“The most important thing is that we’ve kept the dialogue going,” Santopietro said. He lauded Vice President Joe Biden’s announcement this week of $100 million in funding for community-based mental health and substance abuse services.

Santopietro said the country hasn’t had a similar focus on mental health since the 1960s when President John F. Kennedy signed a law that created community mental health centers, like the one Santopietro worked for in Connecticut, to replace overcrowded psychiatric hospitals.

Removing barriers

In his new job in Charlotte, Santopietro said he’s hoping to help transform the delivery of mental health services. Instead of operating in silos, the programs at Carolinas HealthCare hospitals are now operating under one umbrella, under the direction of Santopietro and Martha Whitecotton, senior vice president for behavioral health.

Carolinas HealthCare is building a behavioral health hospital in Davidson and operates the former county-owned behavioral health center on Billingsley Road. But Santopietro said buildings aren’t the only measure of the system’s commitment to behavioral health.

It is also working to expand service and provide better access for patients. For example, he said all primary care doctors’ offices in Carolinas HealthCare will be adding mental health services. Teams of experts – psychiatrists, psychologists, nurses, pharmacists – will support primary care doctors by providing diagnosis and treatment on-site or through video-conferences. Carolinas HealthCare already provides 250 telepsychiatry visits a month.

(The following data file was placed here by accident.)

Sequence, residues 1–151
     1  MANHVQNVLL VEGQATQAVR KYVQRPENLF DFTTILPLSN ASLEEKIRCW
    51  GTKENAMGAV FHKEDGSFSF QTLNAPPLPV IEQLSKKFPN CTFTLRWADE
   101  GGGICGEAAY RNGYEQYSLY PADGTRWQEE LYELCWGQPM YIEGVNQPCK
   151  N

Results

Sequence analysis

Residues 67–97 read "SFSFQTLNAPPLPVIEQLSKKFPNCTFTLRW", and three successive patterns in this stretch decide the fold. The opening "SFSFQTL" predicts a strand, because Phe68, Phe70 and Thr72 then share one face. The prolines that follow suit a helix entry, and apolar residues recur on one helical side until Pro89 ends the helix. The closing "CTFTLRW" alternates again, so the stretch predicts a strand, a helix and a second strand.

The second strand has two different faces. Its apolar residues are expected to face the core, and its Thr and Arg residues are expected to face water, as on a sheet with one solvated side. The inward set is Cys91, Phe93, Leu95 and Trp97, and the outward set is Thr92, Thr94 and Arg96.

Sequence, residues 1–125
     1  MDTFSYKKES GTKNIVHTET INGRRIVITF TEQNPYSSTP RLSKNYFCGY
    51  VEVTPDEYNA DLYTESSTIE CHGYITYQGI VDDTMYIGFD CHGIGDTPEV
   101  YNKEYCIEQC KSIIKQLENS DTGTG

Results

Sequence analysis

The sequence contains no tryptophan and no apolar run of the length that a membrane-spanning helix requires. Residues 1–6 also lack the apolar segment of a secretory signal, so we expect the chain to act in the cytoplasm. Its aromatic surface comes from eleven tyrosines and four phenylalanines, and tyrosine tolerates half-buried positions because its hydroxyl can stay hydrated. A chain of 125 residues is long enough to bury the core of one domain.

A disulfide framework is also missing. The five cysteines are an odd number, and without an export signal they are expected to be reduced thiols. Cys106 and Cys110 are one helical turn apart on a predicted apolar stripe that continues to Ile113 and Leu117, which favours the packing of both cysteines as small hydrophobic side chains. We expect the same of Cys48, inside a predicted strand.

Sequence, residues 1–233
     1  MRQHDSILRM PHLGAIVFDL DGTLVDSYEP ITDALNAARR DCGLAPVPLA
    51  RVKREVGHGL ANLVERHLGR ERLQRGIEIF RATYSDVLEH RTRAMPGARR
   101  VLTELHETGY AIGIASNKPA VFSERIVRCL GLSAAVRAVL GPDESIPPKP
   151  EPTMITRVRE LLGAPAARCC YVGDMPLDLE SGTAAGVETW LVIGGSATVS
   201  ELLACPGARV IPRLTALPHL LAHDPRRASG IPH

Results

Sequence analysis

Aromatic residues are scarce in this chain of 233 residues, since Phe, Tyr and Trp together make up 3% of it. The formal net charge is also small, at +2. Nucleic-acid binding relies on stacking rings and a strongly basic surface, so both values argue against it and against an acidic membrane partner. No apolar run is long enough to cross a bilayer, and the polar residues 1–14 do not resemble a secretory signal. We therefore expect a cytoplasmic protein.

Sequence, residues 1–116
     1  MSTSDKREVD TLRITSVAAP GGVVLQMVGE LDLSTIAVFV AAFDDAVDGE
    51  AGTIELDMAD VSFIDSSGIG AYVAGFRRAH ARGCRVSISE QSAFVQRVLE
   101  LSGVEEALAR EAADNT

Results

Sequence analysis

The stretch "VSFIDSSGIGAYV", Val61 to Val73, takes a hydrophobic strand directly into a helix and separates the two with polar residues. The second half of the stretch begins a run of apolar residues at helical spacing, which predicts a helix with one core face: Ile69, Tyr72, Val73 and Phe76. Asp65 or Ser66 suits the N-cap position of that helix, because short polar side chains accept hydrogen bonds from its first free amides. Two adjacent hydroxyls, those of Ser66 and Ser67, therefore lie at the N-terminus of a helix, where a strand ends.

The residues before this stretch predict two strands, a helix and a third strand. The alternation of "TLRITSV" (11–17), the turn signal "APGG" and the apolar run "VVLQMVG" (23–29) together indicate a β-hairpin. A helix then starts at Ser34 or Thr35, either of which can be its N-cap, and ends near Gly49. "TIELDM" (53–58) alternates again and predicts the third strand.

“Seventy percent of primary care visits have a behavioral health component,” Santopietro said. “And untreated mental illness drives higher (health care) costs.”

Medicaid, the state-federal government health program for the poor, spends about $4,000 per patient on average, he said. But if a Medicaid patient is also diagnosed with substance abuse and a mental illness, that average increases to $35,000. For example, he said, someone with diabetes who also has untreated depression may not take insulin regularly, have a poor diet and fail to keep doctor appointments, all of which could lead to complications that drive up costs.

Get people to treatment

A recently released summary of the investigation into the Sandy Hook shooting revealed there had been “many signs over the years that something was going wrong in (Lanza’s) thinking, behavior and his brain,” Santopietro said. The report also said “medications were recommended and he didn’t take them.”

“We really do have good treatments,” Santopietro said. “But we only treat about 40 percent of the people with mental illness. (When treated) 60 to 80 percent of people recover. They’re just not getting it. We have to get the people to treatment.”

Mental illness itself isn’t necessarily associated with violence, Santopietro said. “I wouldn’t say there’s no association, but it is overblown.” Only 4 percent of violence is caused by people with mental illness, he said. More often, they are the victims of violence.

But untreated mental illness can be associated with violence, he said, which is why it’s important to reduce barriers to access.

“If there were one thing I could fix, it would be (to reduce the) stigma,” Santopietro said. “It’s the one thing that keeps us from getting treatment.”

Garloch: 704-358-5078